The official final footprint for Mac OS Lion hasn’t been established, but Mac OS 10.6 requires 9 GB, according to Apple. Unlike the Chromebook, which runs all of its apps through a remote webserver, iCloudBook will need local copies of all of your apps. My MacBook Pro has a 10 GB Apps folder and that includes Photoshop and Final Cut X, so let’s conclude that 10 gigs will be more than adequate for apps.
iTunes In The Cloud, like everything else with iCloud, is a sync service, not a streaming service. You won’t need to keep your entire media library on your iCloudBook, but you’ll still want to store enough music and videos on it to keep you entertained. I’ve got about 16 gigs of that stuff on my iPhone. I’m also going to want to offload any photos or videos I shoot when I travel. An 8 GB memory card is usually ample for several days of aggressive tourism.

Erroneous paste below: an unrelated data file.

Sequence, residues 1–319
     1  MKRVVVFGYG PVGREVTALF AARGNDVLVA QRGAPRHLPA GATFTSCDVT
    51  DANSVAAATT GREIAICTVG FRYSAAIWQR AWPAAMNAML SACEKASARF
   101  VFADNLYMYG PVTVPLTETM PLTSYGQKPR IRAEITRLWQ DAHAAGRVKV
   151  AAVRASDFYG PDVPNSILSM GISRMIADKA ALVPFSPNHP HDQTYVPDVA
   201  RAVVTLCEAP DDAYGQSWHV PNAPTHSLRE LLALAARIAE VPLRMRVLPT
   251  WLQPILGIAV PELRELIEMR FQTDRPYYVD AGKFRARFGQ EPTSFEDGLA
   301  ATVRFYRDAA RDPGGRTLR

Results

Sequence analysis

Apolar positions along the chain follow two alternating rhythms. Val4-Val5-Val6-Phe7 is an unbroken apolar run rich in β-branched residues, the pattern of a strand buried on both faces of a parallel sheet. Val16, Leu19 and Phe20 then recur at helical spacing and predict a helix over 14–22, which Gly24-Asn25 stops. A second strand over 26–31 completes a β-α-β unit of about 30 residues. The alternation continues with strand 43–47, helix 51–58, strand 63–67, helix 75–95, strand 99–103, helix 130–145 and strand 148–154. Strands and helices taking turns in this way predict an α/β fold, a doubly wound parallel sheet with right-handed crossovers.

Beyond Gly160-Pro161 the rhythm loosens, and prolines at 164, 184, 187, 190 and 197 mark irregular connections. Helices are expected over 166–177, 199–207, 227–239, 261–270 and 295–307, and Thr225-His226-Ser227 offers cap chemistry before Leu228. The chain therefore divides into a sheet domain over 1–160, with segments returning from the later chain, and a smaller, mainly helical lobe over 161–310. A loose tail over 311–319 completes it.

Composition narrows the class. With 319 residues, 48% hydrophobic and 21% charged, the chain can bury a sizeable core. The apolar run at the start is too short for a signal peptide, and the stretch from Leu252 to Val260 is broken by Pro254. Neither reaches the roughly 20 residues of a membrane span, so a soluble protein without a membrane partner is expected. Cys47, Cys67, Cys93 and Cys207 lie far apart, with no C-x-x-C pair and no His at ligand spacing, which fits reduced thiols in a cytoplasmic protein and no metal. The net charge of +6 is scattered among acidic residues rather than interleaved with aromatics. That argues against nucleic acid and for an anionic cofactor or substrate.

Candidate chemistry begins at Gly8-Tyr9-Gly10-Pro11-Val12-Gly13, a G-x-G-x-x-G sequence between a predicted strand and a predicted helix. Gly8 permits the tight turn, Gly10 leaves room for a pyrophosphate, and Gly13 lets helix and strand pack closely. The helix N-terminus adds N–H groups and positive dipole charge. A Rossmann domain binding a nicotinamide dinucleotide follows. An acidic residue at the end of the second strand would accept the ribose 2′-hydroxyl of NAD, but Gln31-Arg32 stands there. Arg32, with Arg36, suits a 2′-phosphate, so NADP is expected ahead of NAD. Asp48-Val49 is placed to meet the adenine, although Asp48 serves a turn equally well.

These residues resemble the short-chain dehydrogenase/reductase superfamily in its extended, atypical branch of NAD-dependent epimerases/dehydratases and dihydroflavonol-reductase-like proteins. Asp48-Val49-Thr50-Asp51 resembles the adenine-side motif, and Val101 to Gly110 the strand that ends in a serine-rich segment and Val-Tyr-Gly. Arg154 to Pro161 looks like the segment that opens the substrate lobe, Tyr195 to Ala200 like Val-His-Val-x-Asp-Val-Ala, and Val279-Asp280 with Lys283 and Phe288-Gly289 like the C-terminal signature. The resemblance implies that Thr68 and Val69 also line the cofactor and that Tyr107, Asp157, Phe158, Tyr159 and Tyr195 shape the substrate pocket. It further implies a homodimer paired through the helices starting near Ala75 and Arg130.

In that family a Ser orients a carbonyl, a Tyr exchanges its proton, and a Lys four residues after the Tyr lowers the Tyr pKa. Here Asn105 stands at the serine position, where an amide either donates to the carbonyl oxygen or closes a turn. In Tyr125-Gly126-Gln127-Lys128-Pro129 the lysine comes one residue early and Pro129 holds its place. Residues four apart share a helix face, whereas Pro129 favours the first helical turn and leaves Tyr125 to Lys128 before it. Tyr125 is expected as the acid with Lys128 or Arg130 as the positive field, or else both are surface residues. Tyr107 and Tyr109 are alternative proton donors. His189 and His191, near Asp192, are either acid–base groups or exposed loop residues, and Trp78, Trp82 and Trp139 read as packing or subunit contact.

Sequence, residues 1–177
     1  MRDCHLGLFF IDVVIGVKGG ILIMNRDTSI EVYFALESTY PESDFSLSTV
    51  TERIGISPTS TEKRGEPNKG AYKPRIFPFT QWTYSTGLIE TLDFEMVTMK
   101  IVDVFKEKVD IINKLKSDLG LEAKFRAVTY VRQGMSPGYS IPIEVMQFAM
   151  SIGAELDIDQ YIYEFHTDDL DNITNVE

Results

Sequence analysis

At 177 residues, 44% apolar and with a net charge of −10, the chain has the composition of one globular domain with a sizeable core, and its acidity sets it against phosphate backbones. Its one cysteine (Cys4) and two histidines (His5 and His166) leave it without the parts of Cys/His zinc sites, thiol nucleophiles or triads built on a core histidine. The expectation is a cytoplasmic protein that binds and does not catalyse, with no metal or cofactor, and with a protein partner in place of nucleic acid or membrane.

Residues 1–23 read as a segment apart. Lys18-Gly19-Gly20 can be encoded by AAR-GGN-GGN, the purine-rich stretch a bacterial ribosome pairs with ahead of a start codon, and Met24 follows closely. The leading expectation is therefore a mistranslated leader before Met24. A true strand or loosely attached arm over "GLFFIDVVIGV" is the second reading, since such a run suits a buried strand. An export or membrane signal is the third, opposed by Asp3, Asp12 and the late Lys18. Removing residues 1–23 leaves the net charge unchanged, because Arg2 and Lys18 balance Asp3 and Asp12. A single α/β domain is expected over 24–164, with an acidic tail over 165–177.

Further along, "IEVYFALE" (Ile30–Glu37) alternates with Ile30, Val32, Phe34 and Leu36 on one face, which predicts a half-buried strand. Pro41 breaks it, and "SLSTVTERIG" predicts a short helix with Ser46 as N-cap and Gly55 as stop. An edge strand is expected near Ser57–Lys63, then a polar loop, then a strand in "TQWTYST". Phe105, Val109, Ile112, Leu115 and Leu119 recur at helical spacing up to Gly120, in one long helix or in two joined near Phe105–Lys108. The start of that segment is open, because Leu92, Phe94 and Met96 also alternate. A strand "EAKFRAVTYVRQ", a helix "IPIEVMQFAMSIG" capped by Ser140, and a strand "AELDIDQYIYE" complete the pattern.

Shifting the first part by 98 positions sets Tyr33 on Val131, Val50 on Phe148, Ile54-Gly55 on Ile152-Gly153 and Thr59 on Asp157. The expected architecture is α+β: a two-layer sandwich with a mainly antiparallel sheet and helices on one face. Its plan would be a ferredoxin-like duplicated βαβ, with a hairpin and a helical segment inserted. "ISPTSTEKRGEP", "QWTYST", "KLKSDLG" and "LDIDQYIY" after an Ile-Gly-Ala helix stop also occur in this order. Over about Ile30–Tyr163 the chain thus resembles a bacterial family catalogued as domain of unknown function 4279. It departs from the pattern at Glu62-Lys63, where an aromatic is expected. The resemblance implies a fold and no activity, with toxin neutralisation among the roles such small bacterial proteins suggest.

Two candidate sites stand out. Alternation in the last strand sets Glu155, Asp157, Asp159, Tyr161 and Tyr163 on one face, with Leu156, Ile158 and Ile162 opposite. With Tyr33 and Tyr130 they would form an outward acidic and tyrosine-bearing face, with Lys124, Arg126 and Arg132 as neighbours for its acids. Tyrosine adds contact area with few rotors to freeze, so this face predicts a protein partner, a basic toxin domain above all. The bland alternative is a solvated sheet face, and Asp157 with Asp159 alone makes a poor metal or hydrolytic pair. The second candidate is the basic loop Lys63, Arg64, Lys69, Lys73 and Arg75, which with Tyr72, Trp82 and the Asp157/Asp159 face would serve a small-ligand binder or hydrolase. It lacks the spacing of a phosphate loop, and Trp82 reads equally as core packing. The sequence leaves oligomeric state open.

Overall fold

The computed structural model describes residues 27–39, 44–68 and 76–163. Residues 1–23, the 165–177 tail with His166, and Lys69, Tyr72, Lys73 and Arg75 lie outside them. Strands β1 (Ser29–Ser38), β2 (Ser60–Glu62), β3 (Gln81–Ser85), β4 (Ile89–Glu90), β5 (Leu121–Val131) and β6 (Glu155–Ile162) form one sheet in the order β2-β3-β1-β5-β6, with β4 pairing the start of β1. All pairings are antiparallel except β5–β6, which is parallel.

Lessee… that adds up to 48 GB of storage, leaving a nice round 16 GB for any disk-hungry iMovie or GarageBand projects you might want to crank up, or for any unexpected storage demands. A 64 GB boot drive is still pretty damned teeny if you intend to use the 11” Air as a MacBook, but it seems just the perfect size for an iCloudBook.
It’s so very clear to me now that just as Superman is the living ideal of Truth, Justice, and the American Way, the 11” Air is the tangible ideal of iCloud. You grab it when you leave the office and that’s it. No syncing, no updating, no need to trust that you’ll find WiFi when you get to where you’re going: iCloud kept your iCloudBook’s files up-to-date as you were updating them on your iMac so you’re already good.